Notes From a Plant Freak

April 9, 2013 |

Blow Off Work, It is Spring

Oh, spring! This is not the time of year one wonders why one lives in Arizona. We may not have a frost to thaw, but the balmy spring condones an

ease of sorts, in the guts. This is the time we call in sick to blow off work and find the sweeter things in life–enjoying epicurean delights, or perhaps romance; and of course, the time we get lost in the garden.

As April moves into May, we finally start to see the cool-season crops give out to bolting (going to seed) and bitterness. Some last longer than others, but just because a crop is bolting does not mean you cannot add another succession. You can still squeeze out at least one more cilantro crop. Everything else, you might just be sick of. Lettuces really start to get bitter as we enter May. But since the warm season is here, you should be planting the things that love the warm season. You should be planting basil like crazy–from seed. As it warms up, basil wants to go to flower. Pinch off the flower-heads so that you encourage branching and more vegetative growth. Basil is a heavenly herb. If you only plant one crop, it should be basil.

It’s time to plant the heck out of squashes, melons, cucumber, corn, black-eyed peas, sunflowers, sweet potato, jerusalem artichoke, amaranth and most perennial herbs like oregano and thyme.

Beware, the landscape of your garden is not going to be tidy. Unlike the cool season crops with their predictable sizes at maturity, many summer crops take up huge amounts of space: the vining squashes, melons, and cucumbers clamor about the garden, while the corn, jerusalem artichoke, sunflowers, and amaranth climb high. Plant your tall crops toward the north end of the garden so they don’t unnecessarily shade out other crops. Expect that tomatoes will pull down the cages and ramble about (you still have a good few months of delicious tomatoes, which will give out once June arrives). Peppers and eggplant also misbehave, if only slightly less than tomatoes. But they will continue to produce a little longer into the season.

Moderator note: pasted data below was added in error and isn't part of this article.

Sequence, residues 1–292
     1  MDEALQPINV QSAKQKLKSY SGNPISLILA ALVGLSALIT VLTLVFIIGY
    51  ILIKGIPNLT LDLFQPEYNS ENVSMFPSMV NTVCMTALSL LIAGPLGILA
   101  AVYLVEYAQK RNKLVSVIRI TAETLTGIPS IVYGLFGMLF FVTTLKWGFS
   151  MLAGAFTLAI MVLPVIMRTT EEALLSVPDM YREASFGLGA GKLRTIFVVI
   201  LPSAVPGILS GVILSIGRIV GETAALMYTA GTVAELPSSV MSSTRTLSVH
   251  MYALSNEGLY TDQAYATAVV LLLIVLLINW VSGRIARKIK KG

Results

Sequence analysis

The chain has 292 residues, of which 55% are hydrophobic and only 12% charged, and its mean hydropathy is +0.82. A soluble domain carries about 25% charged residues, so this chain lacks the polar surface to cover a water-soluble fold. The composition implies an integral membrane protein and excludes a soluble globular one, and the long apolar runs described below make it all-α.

This is perhaps the most important time to mulch your crops with compost and straw. The compost provides more readily available soil nutrients, which will feed your plants. The straw acts as an insulative layer, slowing down evaporation and keeping the soil a little cooler. This can make a huge difference, helping tomatoes, peppers, eggplant and more last much longer into the hot summer. They will also produce better when the soil surface isn’t being beaten up by the sun. April is gorgeous. Besides cultivation, the garden will be the scene of unintentional meditations sitting in lawn chairs, weekend day drinking and perhaps romance (rekindled or new). Your hard work will not only feed your belly, it will put life into your limbs.



Category: Living, RECREATION